hipcheck, you are making grand assumptions about people if you think that using elvish or made up names in a post on a tb is an indication that the person can't distinguish between what is real and what is imaginary. Good lord, child. Talk about extreme prejudice! You say "What I find pathetic is when fantasy crosses reality". They are just words, hipcheck. I used elvish in my response to you to annoy you. You seem uptight and I think uptight people should be teased. I looked up some phrases that fit what I wanted to say, in order to please myself and my friends who frequent these tb's because it's fun. Really fun, not fantasy fun, to share jokes with your mates. You say "The LOTR folk seem MORE apt to do it, and get more pissed off when they're called on it." Who says I'm pissed off? I'm chuckling at you. I have been a Tolkien fan for 35 years. Do you have any idea how often I've heard people make this same tired complaint? I have a full and mostly happy life, thank you, and I enjoy being geeky with those who share my passion for Tolkien. I find it FUN to use Tolkien's words and ideas when I'm communicating on an AICN tb. You say "it's not so cool to be a completely enwrapped religious zealot and lose sight of where "pretend" ends and "real" begins." Oy, I hardly care any more for what is "cool" and whether I am or not, and you are free to have your opinions about what is cool for yourself, but what in the Shire do you mean by suggesting that using certain phrases amounts to losing "sight of where "pretend" ends and "real" begins."" Huh? How in Middle Earth would you know? And BTW, I know of noone who is currently trying to "track down the real Crystal of Coconuts and kill the gigantic Rolly-Polly bug which awaits in the Caverns of Goobersnot" because we all know they were destroyed when Smaug crashed in Lake Town. Sheesh.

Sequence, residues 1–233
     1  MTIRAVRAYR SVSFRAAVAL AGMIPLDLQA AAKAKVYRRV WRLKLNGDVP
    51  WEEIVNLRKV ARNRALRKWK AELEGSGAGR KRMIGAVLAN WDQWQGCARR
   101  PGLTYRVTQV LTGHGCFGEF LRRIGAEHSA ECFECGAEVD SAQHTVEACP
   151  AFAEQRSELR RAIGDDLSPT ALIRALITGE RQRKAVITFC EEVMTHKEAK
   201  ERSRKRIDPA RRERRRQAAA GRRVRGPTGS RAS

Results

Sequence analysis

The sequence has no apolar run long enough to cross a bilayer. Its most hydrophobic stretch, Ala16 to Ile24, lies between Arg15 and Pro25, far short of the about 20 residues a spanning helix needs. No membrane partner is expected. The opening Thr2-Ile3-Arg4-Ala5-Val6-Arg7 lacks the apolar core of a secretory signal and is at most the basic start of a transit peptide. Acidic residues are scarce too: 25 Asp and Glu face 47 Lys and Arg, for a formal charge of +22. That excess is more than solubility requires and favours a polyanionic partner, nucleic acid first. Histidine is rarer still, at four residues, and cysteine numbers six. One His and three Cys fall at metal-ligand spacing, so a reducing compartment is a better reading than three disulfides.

• Dec. 12, 2003, 4:51 p.m. CST

    You've got the facts wrong Sparta2004

    by irritable

    ... or you're confused about the meaning of the word "extant" . Not that your mistake is relevant to Cody's slur on every country in the world other than the US.***Try Iceland or England. Both still have extant democratic systems. **** But get to the real point. Your blood was boiling because I pointed out to Cody reasons why the US has not always been "... "... the country the rest of the world aspires to be like." ***But the blood of lot of people starts boiling when arrogant simplistic comments like Cody's appear.*****Your response was to dump on other countries, like Brazil, Venezuela, Saudi Arabia and a gajillion other countries that suck ass" and to start talking about "runts". ****We agree on one thing "all countries have heritages to be proud of, as well as things to hang their head about." ****But don't make up crap about me "not giving a rat's ass". to buttress your post. You want to play the insult game instead of debating the facts, I can play that game too. Logical?